German winter shows Achilles heel of renewables: Wynn

LONDON Tue Oct 16, 2012 9:28am EDT

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LONDON (Reuters) - The extreme variability of wind and solar power in Germany is laid bare by 2012 data that also illustrates a particular vulnerability when power demand surges on cold winter days - they are often both weak at the same time.

Intermittent renewable energy requires grid balancing services, primarily from stand-by baseload fossil fuel capacity or battery and pumped storage, but also via interconnectors bringing power from other countries and regions.

The cost of that balancing need is still unclear, as European countries ramp up wind and solar capacity with an eye to meeting 2020 targets, with ambitious goals including Britain's aim to meet 15 percent of its primary energy demand from renewables, compared with less than 4 percent now.

Germany provides a good litmus test, given its large economy and rapid shift to renewable energy in the past five years.

Data from Germany's Fraunhofer Institute provide a detailed picture for the first 40 weeks of the year, from January 1 to October 7, and indicates the scale of grid balancing already needed.

For example, while the renewable energy lobby cheered a solar power peak at 22.4 gigawatts (GW) (or about a third of total lunchtime demand) on Friday, May 25, perhaps more relevant was a slump in combined wind and solar power during a surge in demand in an early February cold spell.

A COLD WEEK IN FEBRUARY

Superficially, wind and solar in Europe complement each other seasonally, with summer peaks for solar power coinciding with a lull in wind power and the reverse holding true.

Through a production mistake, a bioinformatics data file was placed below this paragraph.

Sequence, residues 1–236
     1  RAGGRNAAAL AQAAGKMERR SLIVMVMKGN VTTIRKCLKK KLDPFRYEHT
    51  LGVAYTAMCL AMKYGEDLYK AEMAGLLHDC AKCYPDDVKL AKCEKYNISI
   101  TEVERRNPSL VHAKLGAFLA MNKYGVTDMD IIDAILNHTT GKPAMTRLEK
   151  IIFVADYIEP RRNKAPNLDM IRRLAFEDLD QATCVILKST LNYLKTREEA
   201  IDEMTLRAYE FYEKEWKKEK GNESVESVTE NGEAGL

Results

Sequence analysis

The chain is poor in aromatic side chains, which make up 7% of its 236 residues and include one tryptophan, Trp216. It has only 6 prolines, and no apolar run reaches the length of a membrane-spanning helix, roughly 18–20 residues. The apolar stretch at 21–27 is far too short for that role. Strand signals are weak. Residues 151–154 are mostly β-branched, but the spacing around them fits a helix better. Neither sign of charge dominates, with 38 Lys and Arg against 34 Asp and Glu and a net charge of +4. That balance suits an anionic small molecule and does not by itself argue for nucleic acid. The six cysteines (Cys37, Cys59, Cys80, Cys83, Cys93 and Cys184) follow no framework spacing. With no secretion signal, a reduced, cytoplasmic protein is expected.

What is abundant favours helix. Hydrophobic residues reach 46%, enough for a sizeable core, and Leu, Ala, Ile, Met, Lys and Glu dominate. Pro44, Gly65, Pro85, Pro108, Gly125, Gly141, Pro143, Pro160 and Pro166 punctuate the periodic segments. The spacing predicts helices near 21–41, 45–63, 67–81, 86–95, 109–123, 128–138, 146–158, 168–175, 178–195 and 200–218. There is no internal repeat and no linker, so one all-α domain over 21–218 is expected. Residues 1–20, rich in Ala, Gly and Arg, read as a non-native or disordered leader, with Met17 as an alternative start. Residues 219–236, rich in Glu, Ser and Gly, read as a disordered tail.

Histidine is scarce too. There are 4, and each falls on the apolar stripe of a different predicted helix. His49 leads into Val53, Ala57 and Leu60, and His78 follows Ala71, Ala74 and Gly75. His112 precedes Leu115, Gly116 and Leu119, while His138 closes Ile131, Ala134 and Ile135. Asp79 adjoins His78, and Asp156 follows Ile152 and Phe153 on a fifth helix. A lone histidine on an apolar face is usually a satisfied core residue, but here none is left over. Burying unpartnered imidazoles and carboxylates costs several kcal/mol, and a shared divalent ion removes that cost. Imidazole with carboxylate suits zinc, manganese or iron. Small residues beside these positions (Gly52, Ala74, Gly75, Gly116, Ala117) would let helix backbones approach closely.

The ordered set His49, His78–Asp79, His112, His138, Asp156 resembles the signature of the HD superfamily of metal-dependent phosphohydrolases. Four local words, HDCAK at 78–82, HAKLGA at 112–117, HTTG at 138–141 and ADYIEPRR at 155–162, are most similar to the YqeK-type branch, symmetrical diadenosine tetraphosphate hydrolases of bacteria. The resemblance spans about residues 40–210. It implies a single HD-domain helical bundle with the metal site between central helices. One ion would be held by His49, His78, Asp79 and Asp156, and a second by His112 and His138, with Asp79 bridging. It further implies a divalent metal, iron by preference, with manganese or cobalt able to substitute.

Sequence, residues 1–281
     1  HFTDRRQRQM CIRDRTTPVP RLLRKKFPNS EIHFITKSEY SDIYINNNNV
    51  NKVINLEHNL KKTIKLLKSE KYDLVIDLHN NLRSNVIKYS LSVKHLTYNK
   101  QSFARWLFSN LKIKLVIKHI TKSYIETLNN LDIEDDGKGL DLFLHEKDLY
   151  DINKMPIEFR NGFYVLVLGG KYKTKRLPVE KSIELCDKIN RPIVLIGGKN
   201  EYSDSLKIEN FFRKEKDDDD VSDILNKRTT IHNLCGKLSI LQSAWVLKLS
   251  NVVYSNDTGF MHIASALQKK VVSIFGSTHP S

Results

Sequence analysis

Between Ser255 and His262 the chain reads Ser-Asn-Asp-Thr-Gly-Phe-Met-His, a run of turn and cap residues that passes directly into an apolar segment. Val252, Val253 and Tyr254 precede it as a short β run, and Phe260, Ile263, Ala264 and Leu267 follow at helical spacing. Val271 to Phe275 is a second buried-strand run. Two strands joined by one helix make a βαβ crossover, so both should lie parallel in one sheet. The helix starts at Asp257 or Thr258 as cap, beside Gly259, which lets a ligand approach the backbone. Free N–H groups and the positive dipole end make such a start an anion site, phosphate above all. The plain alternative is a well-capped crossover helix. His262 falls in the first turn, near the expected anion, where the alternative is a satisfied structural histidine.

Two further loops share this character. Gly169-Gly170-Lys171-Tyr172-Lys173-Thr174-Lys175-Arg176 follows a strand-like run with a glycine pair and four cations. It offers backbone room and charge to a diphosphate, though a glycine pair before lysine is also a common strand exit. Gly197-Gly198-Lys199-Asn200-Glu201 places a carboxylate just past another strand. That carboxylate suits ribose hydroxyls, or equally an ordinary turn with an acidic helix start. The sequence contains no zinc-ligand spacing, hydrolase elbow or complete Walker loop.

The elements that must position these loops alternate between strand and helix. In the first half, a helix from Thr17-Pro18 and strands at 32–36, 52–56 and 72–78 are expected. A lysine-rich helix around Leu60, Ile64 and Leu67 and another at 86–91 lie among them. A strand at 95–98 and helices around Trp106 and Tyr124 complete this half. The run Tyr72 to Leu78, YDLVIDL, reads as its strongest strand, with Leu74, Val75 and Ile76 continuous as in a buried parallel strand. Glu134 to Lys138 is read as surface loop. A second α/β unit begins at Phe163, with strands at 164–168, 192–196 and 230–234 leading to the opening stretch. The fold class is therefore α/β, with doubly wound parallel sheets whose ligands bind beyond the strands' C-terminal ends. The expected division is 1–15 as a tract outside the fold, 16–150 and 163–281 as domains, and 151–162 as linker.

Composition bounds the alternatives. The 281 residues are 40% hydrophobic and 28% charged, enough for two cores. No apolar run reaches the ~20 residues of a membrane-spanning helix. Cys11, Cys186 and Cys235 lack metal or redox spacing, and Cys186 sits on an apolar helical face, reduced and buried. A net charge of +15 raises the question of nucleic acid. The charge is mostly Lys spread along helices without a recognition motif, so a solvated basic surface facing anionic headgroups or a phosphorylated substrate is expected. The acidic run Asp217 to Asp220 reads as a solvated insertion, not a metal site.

For example, aggregate solar power generation in the first week of January was only 7 percent of peak production in the final week of May, while for wind power generation the same week saw eight times the level in the first week of July, the minimum for the year so far.

However, that only applies when considering aggregate weekly or monthly data. In fact the two do not average out.

At a more refined hourly and daily level, wind power is seen to be equally unpredictable at any time of the year, recording minimum generation of 1 percent or less of installed capacity in each of the first nine months of the year.

Lulls in wind power in winter especially coincide with anticyclones bringing clear skies and cold weather when power demand is also high, revealing an Achilles heel for renewables, when sunlight is still relatively weak and the wind drops.

A northwest European cold snap which hit a nadir in the week starting February 6 is illustrative.

The week recorded the second lowest combined German wind and solar power generation of the 40 weeks in 2012 to date, at 0.77 terawatt hours (TWh) compared with a weekly average of 1.48 TWh, Fraunhofer Institute data show.

In the same week, French power demand hit at an all-time record of 102 GW, on the evening of February 8, which affected Germany as it is a major exporter to France in February.

French power demand is especially high in winter because of a reliance on electric over gas heating.

Following this combination of factors, German conventional power production (fossil fuels and nuclear) also hit a 2012 high on the evening of February 8, at 65.9 gigawatts.

Natural gas in particular supplied the gap left by renewable energy, with peak production of 22.4 GW, very close to total gas-fired capacity of 24 GW.